OPEN BURNING
Rules On Open Burning
With the exception of small (3' by 3') recreational fires, open burning
is generally not allowed in the Town of Phelps per the Town of
Phelps Code Enforcement Office. If you plan on conducting an open
burn, you must abide by the following rules...

1. All open burns must be approved by the Phelps Town Code
Enforcement Office.

2. In most instances, open burns must also be approved by the New
York State Department of Environmental Conservation.

3. If approval is granted by Code Enforcement, notification must be
made to the Oaks Corners Fire Department and the Ontario County
911 Center. (NYS Fire Code Sec. 1191.2)

4. The location for an open burn shall not be 50 feet from any
structure, and provisions shall be made to prevent fire from
spreading within 50 feet of any structure. (NYS Fire Code Sec.
307.3)

5. Open burns, bonfires, or recreation fires shall be constantly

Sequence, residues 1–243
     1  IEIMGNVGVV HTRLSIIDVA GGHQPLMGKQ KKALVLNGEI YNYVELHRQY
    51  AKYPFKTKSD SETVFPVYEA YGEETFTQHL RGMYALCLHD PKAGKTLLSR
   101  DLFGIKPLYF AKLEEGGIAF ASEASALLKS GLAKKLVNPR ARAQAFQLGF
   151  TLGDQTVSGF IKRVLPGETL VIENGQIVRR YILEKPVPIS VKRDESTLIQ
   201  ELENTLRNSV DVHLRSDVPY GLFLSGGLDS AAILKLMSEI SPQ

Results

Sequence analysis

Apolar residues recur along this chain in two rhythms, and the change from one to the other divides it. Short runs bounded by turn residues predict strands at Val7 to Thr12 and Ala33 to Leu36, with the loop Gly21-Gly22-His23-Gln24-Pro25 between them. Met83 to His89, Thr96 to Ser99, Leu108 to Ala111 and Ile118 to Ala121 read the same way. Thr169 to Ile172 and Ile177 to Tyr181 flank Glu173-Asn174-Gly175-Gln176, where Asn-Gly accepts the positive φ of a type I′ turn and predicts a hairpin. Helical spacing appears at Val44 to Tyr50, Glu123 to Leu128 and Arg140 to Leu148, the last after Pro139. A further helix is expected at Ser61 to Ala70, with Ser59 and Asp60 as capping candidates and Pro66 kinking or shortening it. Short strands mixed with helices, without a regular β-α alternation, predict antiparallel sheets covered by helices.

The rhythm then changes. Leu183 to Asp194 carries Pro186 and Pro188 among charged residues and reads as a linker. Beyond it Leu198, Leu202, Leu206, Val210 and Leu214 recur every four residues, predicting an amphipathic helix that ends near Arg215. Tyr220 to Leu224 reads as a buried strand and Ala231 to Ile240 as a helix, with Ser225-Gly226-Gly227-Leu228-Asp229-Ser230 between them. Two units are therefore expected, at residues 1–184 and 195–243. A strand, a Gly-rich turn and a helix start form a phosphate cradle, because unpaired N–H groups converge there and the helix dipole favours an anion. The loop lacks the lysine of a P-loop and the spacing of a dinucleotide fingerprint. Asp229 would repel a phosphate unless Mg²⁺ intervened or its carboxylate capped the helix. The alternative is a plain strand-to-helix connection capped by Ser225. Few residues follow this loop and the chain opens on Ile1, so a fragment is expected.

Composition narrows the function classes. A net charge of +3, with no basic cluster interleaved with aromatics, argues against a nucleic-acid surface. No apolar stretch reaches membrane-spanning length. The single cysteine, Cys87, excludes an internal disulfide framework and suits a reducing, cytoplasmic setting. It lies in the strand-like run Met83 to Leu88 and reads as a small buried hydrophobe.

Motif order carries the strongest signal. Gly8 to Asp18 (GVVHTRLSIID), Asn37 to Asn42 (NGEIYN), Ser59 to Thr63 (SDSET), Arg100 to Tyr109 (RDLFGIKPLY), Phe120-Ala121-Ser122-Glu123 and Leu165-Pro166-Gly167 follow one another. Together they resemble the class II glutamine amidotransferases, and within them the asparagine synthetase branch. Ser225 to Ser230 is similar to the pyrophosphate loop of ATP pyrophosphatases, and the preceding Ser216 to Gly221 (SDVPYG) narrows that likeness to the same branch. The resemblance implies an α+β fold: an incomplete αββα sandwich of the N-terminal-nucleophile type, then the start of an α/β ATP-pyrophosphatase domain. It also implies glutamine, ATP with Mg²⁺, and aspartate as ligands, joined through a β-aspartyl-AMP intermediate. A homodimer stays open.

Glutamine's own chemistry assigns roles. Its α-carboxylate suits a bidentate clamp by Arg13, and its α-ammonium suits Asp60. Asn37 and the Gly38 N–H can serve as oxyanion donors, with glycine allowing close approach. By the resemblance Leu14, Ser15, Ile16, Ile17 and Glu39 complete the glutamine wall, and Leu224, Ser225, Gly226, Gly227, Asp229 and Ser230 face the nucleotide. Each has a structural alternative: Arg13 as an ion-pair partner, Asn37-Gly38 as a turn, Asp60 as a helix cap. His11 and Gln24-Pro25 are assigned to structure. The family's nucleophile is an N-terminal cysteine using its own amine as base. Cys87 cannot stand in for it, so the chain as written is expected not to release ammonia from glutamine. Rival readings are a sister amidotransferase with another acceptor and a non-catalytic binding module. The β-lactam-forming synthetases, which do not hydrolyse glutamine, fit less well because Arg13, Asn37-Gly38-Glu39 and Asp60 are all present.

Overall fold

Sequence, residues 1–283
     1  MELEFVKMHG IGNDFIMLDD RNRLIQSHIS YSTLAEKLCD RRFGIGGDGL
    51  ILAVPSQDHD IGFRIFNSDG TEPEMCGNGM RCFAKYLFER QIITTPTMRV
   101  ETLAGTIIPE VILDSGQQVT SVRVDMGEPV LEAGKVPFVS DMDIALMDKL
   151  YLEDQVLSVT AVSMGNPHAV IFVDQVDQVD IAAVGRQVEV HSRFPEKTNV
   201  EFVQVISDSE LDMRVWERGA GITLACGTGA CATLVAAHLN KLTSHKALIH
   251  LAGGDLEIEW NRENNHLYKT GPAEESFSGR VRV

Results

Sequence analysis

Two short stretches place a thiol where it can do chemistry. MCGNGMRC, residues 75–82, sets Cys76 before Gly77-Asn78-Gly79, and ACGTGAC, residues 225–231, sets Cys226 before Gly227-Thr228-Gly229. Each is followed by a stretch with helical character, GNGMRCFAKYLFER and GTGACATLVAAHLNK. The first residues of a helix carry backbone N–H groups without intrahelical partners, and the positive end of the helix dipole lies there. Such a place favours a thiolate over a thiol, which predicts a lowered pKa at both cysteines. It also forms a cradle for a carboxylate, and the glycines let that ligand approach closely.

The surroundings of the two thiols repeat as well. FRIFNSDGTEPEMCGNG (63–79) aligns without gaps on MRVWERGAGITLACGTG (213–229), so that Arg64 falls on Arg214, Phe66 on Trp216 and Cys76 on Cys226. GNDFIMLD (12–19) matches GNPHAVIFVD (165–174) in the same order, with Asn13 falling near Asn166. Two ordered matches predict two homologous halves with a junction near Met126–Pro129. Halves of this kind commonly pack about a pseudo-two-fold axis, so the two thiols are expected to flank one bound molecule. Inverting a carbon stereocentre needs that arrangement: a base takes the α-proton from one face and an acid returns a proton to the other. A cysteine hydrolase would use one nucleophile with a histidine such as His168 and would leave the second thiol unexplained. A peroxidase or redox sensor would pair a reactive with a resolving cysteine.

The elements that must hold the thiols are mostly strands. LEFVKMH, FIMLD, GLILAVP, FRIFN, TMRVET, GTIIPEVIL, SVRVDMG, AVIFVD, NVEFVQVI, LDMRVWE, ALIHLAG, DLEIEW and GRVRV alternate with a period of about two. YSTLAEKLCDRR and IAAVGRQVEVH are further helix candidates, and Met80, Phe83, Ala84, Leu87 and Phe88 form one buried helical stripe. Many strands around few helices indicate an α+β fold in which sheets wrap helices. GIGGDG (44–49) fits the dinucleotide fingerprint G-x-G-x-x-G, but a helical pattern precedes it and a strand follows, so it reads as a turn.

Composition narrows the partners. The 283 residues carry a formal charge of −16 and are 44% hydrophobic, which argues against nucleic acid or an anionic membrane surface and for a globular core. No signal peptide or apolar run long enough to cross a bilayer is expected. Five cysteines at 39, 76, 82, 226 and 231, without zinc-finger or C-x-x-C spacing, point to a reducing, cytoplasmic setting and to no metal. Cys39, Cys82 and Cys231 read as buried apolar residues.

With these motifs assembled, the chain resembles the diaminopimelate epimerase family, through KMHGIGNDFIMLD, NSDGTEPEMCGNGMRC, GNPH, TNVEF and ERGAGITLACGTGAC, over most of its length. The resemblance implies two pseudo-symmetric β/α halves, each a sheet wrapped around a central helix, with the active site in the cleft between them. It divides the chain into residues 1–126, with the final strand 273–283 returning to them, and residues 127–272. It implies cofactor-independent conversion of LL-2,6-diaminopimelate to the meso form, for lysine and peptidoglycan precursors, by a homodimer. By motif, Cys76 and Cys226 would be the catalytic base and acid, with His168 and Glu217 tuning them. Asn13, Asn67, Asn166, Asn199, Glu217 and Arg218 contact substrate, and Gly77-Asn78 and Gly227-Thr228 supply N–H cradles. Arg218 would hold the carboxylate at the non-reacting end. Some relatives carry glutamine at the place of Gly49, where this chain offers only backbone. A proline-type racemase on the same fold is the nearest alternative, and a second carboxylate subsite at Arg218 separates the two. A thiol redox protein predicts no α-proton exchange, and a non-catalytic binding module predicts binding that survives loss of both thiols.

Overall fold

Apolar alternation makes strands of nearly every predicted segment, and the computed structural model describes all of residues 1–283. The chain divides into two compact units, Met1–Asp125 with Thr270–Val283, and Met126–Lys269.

attended
until the fire is extinguished. A minimum of one
portable fire extinguisher, or other on site fire extinguishing
equipment such as dirt, sand, garden hose, water barrel, or water
truck shall be available for immediate utilization. (NYS Fire Code
Sec. 307.4) If we are dispatched to an unattended burn, the fire will
be extinguished, and the Code Enforcement Office and DEC will be
notified.

7. Open burning that is offensive or objectionable due to smoke or
odor emissions or when atmospheric conditions make such fires
hazardous will be prohibited. (NYS Fire Code 307.2.1). If we receive
a call for a nuisance fire bothering a neighbor, we will respond to
extinguish the fire, and most likely bring a law enforcement officer
with us. The Code Enforcement Office and DEC will also be notified.

DEC regulations ban all open burning except for the
following:
* On-site burning of limbs and branches between May 15th and the